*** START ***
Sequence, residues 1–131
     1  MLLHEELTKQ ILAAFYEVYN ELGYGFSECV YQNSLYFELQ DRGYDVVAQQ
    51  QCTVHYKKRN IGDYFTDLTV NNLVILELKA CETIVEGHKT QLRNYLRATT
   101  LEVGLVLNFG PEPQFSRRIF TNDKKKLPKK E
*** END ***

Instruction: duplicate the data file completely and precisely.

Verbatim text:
Sequence, residues 1–131
     1  MLLHEELTKQ ILAAFYEVYN ELGYGFSECV YQNSLYFELQ DRGYDVVAQQ
    51  QCTVHYKKRN IGDYFTDLTV NNLVILELKA CETIVEGHKT QLRNYLRATT
   101  LEVGLVLNFG PEPQFSRRIF TNDKKKLPKK E